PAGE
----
What is World Mental Health Day?
World Mental Health Day (10th October) is an international day for global mental health education, awareness and advocacy against social stigma.
What is mental heath?
When people ask about your mental health it’s hard to know how to answer because we all have good and bad days don’t, we?
If you are mentally healthy it does not mean you don’t ever get upset or feel down, but it does mean that if you are in good mental health, you can on most days:
- cope with life
- make the most of your potential
- play a full part in your family, workplace, community and among friends.
Some people call mental health ‘emotional health’ or ‘well-being’ and it’s just as important as good physical health.
What are mental health problems?
Mental health problems can range from the worries most people experience as part of everyday life to serious long-term conditions. Most people who experience mental health problems will get over them or learn to live with them, especially if they get help early on.
Mental health problems are usually defined and classified this then enables professionals to refer people for the appropriate care and treatment.
We all have times when we feel stressed, down or frightened life can be incredibly challenging at times. But most of the time these feelings will pass with time, sometimes they develop into a more serious problem and that could happen to any one of us. When this happens, we need to seek help, there is a stigma attached to mental health and this can mean that people feel uncomfortable asking for help because they fear what people will say. Many people don’t even feel comfortable talking about their feelings, not even to family or friends. But it’s healthy to know and say how you’re feeling.
To download useful publications click below:
If you are concerned that you are developing a mental health problem, you should seek the advice and support from your GP straight away. If you are in distress and need immediate help and are unable to see a GP, you should call 111.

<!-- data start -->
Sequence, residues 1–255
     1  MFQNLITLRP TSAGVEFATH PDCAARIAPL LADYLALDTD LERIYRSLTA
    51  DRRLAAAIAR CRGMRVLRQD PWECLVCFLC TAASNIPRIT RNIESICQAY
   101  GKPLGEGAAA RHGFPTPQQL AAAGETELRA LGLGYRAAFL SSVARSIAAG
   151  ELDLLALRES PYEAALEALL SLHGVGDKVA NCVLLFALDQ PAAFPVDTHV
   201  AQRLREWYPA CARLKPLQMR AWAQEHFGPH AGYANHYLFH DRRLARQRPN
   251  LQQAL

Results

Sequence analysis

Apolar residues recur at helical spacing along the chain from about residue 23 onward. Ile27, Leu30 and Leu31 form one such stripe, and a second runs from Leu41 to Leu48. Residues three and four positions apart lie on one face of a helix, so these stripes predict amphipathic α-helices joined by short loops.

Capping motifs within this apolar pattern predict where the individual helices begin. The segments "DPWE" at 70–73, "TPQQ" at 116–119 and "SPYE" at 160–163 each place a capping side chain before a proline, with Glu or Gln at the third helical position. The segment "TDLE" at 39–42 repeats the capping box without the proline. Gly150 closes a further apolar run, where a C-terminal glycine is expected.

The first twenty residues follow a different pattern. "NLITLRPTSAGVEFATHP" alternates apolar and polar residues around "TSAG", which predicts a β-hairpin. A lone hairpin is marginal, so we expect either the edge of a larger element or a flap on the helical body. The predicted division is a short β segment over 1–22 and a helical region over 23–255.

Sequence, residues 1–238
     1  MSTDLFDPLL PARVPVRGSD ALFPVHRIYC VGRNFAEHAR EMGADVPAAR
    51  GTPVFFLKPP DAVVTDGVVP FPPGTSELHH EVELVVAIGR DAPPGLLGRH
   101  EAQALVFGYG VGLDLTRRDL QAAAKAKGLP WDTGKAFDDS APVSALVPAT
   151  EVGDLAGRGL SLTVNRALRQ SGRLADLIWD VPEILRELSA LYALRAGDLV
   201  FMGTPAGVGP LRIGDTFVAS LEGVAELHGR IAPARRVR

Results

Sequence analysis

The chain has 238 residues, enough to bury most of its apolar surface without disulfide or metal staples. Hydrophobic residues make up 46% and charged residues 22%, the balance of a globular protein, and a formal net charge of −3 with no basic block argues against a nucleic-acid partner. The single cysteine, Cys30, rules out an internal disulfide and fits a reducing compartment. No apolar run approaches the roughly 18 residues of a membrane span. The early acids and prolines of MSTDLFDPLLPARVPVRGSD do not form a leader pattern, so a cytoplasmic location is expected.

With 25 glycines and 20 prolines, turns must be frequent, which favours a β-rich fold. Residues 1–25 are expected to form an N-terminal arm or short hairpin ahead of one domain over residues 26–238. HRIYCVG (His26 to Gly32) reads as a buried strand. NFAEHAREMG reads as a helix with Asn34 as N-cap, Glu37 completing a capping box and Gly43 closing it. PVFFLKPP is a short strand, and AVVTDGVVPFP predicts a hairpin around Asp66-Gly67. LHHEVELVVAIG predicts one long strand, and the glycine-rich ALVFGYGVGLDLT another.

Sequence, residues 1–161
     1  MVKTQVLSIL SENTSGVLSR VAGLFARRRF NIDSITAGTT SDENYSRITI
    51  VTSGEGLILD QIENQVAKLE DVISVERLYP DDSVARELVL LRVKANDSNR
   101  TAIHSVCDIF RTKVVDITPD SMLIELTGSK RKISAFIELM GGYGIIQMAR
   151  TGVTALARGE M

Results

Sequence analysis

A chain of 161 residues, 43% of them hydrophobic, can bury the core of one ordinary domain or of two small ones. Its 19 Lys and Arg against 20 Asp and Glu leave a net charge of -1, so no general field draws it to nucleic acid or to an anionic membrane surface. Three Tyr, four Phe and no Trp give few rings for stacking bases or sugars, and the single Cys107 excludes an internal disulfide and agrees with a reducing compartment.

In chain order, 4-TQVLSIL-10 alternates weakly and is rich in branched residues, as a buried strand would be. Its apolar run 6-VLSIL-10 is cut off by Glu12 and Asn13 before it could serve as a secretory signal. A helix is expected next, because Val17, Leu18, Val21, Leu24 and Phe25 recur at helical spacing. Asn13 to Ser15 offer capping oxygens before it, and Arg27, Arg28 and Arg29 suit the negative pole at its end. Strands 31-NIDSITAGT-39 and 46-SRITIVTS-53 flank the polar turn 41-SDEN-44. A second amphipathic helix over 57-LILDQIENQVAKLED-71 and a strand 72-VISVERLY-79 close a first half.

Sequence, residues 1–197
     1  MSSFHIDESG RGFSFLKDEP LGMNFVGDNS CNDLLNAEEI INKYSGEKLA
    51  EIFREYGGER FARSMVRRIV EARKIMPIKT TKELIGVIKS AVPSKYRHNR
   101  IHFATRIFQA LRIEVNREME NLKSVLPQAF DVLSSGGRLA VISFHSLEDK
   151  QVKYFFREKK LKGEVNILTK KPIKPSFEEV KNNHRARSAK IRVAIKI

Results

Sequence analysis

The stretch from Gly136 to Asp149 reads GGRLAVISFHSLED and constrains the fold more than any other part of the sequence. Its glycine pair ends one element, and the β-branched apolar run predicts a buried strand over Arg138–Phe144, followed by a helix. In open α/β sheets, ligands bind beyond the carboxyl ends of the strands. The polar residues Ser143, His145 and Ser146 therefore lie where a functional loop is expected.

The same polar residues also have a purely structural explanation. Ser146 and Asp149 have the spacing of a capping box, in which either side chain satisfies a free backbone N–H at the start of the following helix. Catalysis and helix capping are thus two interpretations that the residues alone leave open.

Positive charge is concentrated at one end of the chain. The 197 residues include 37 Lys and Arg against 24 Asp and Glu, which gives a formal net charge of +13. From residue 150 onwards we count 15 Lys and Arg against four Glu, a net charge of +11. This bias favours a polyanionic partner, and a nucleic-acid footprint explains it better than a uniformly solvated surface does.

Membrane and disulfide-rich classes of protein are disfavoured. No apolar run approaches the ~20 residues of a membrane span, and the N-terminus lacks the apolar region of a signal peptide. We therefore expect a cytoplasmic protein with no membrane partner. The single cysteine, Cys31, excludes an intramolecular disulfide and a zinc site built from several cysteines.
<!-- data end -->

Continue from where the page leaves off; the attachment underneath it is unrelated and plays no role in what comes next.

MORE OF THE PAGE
You can also contact the following organisations for help:
The Samaritans – Call free 116 123 or email email@example.com
They offer emotional support 24 hours a day – in full confidence
Shout Crisis Text Line – For support in a crisis, Text Shout to 85258
If you’re experiencing a personal crisis, are unable to cope and need support. Shout can help with urgent issues such as:
- Suicidal thoughts
- Abuse or assault
- Relationship challenges
Rethink Mental Illness – Call Rethink on 0300 5000 927 (calls are charged at your local rate).
You can call the Rethink advice and information line Monday to Friday, 10am-2pm for practical advice on:
- different types of therapy and medication
- benefits, debt, money issues
- police, courts, prison
- your rights under the Mental Health Act.
The Mind Infoline – Call the Mind infoline on 0300 123 3393 (UK landline calls are charged at local rates, and charges from mobile phones will vary considerably). Or email firstname.lastname@example.org.
Mind offer an information line to answer questions about:
- types of mental health problem
- where to get help
- drug and alternative treatments